_dsc3823largeCROP1Joan Houlihan is the author of five books of poetry, most recently Shadow-feast (Four Way Books). Her poetry has been anthologized in The Iowa Anthology of New American Poetries (University of Iowa Press) and The Book of Irish-American Poetry-Eighteenth Century to Present (University of Notre Dame Press). She is a contributing critic for the Contemporary Poetry Review, associate editor for Tupelo Quarterly, and author of a series of essays on contemporary American poetry archived online at bostoncomment.com. She has taught at Columbia University and Smith College and currently teaches in the Lesley University Low-Residency MFA Program and at Clark University in Worcester, Massachusetts. Houlihan is founder and director of the Colrain Poetry Manuscript Conference.

 

motika2 Stephen Motika, poet and publisher, is the author of Western Practice, published by Alice James Books in 2012. He is also the author of two chapbooks, Arrival and at Mono (2007) and In the Madrones (2011), and editor of Tiresias: The Collected Poems of Leland Hickman (2009). His articles and poems have appeared in Another Chicago Magazine, At Length, BOMB, The Brooklyn Review, Eleven Eleven, Maggy, The Poetry Project Newsletter, Poets.org, Vanitas, among other publications. A 2010-2011 Lower Manhattan Cultural Council Workspace Resident, he has taught at Naropa University and in the Stonecoast MFA Program at the University of Southern Maine. He is the program director at Poets House and the publisher of Nightboat Books.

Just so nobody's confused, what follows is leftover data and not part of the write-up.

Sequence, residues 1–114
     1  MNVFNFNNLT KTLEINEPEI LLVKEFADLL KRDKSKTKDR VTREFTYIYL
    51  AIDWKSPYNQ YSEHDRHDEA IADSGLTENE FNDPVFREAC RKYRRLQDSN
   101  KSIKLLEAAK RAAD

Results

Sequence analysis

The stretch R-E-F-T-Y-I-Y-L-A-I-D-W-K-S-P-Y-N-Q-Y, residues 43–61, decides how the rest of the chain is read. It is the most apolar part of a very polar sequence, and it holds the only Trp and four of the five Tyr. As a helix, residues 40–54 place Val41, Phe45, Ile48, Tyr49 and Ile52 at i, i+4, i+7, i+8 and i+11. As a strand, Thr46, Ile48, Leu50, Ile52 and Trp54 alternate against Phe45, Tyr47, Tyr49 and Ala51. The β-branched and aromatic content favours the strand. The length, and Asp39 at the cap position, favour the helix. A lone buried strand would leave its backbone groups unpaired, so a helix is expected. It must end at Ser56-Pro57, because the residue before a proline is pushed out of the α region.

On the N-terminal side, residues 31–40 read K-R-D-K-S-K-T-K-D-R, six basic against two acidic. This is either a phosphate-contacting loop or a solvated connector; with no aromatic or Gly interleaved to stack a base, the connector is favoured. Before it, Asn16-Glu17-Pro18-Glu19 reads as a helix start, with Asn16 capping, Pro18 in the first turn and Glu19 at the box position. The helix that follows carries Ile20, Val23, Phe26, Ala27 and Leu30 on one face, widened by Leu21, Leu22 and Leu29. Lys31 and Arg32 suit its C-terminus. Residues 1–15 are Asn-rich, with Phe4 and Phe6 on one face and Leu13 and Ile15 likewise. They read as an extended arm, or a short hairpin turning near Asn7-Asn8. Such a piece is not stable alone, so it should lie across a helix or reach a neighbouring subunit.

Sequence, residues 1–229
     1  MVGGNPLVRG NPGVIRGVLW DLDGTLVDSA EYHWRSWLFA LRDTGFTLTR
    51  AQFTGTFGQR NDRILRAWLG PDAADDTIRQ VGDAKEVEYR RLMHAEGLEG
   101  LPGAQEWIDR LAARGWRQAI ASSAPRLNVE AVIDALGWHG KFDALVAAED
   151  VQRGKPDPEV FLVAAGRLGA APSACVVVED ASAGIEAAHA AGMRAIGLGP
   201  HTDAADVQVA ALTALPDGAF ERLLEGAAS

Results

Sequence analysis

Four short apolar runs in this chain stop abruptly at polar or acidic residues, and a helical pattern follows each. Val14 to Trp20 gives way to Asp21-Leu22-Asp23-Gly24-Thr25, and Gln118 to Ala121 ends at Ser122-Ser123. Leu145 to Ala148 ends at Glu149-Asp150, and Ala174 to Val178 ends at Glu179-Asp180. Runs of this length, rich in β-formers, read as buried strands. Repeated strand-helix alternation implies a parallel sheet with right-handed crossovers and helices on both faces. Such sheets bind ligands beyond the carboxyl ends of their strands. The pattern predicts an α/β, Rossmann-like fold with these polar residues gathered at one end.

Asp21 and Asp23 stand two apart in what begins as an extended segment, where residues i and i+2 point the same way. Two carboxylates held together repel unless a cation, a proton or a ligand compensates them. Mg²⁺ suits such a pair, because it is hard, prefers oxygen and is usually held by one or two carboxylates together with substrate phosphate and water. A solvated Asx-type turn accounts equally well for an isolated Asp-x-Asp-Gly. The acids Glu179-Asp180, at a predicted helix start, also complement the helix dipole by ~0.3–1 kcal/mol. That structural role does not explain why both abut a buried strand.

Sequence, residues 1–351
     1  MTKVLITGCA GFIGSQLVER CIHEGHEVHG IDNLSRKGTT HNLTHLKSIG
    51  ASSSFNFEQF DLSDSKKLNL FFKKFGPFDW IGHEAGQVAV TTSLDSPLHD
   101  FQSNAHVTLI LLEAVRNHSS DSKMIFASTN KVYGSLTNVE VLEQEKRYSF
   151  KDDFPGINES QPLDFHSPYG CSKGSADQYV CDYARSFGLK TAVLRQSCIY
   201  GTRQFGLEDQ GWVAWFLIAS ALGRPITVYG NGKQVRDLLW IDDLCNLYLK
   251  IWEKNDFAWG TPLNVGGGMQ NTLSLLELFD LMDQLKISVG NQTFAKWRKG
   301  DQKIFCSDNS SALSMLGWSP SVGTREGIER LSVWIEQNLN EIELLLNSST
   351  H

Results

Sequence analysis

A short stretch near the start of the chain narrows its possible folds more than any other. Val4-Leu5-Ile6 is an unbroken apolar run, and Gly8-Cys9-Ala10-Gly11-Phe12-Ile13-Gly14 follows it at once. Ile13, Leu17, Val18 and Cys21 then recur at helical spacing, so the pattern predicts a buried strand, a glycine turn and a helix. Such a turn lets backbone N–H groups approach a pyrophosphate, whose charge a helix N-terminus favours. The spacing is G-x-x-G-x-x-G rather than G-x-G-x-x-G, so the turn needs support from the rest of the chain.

When

Plan to arrive on Friday, July 17, between 4 and 6 pm. Dinner is at 7 pm, after which introductions and preparation for the next day take place. The conference will begin at 9 am on Saturday and last till 11 am on Monday.

How to Apply

Before you apply, please visit our Conference Criteria page to make certain this conference is right for you. Once you understand the nature and goals of the conference, please submit an application.

Conference Fee

Following successful application, the registration fee is $1,675.00. This includes:

  • All conference fees, workshop tuition, and materials.
  • Pre-conference manuscript reading and on-site consultation with Joan Houlihan.
  • Lodging for three nights. (Private room, most with private bath.)
  • Breakfast, lunch snacks and beverages on all days, and two dinners* (contact us regarding any special needs).

*We will have one dinner out at a local restaurant.

Location/Directions/Transportation

The Brandt House is located on 29 Highland Avenue in Greenfield, Massachusetts.

The best place to arrive for flight transportation is Hartford’s Bradley International Airport. That airport is about an hour away. There is a shuttle service straight from the airport to the Brandt House. It is called Valley Transporter and is in Amherst, MA. (413) 253-1350. You must make arrangements directly with them for the pick up at either plane, train or bus station, and please do so several days in advance. Make sure and send us your ETA. And don’t forget to arrange for a return shuttle on the final day of the conference, preferably 11am or later. Trains arrive at Greenfield, a short distance from the Brandt House. See the Amtrak web site for schedules and rates. If you don’t want to take a train, there are also buses directly to Greenfield from some places. See the Greyhound Bus website for details. NOTE: From NYC it takes about 5 hours by bus to Greenfield.